Zebra mussel larvae confirmed in Leech Lake
The Minnesota Department of Natural Resources has confirmed zebra mussels in their larval stage in two locations in Leech Lake in Cass County. The DNR has found no adult zebra mussels in the lake, but the locations and numbers of zebra mussel larvae, called veligers (VEL-uh-jers), indicate a reproducing population may be present.
The DNR confirmed more than 30 veligers from a sample collected in deep water off the shore of Portage Bay, on the northeast side of the 110,000-acre lake, and more than 40 veligers from a sample collected in the center of Kabekona Bay, on Leech Lake’s western edge. No veligers were present in samples collected from three other sites between Portage and Kabekona bays. The two sites where veligers were confirmed are nearly 17 miles apart.
The DNR Fisheries section collected the samples as part of their Lake Survey Program, which proactively gathers and analyzes samples from the 11 largest lakes in Minnesota every year. Leech Lake is the third-largest lake in the state.
Portage Bay is within the Leech Lake Reservation; Kabekona Bay is not. The DNR will work with the Leech Lake Band of Ojibwe, the Leech Lake Association, property owners and local governments to conduct a broader search and discuss options.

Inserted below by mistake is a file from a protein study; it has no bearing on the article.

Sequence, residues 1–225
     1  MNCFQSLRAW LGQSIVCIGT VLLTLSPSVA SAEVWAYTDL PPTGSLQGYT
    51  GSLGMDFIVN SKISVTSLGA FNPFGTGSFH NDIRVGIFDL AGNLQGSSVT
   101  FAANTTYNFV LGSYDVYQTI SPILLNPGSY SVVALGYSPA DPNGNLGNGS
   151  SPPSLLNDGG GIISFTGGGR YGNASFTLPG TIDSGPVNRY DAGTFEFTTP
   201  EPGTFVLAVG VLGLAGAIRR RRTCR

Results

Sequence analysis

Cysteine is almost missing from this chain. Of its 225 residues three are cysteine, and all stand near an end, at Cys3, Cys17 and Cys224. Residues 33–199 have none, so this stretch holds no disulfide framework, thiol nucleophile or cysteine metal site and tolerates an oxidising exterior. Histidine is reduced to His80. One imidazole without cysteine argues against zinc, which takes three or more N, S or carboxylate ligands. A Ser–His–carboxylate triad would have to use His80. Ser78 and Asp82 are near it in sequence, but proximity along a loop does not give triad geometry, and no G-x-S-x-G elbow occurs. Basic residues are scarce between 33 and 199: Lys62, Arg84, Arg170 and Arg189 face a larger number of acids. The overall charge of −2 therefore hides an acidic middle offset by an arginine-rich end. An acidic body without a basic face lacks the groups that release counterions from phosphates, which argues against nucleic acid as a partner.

People should contact an area DNR aquatic invasive species specialist if they think they’ve found zebra mussels or any other invasive species that has not already been confirmed in a lake.
The DNR recommends these steps for lake property owners:
- Look on the posts, wheels and underwater support bars of docks and lifts, as well as any parts of boats, pontoons and rafts that may have been submerged in water for an extended period.
- Hire DNR-permitted lake service provider businesses to install or remove boats, docks, lifts and other water-related equipment. These businesses have attended training on Minnesota’s aquatic invasive species laws and many have experience identifying and removing invasive species.
It’s especially important to keep docks and boat lifts out of the water for at least 21 days before putting them into another body of water. This state law is central to the training DNR-permitted lake service provider businesses receive. Anyone transporting a dock or lift from the adjacent shoreline property to another location for storage or repair may need a permit, to help prevent the spread of aquatic invasive species.
Zebra mussels are an invasive (non-native) species that can compete with native species for food and habitat, cut the feet of swimmers, reduce the performance of boat motors, and cause expensive damage to water intake pipes. Less than two percent of Minnesota’s 11,842 lakes are listed as infested with zebra mussels.
More information is available at www.mndnr.gov/AIS.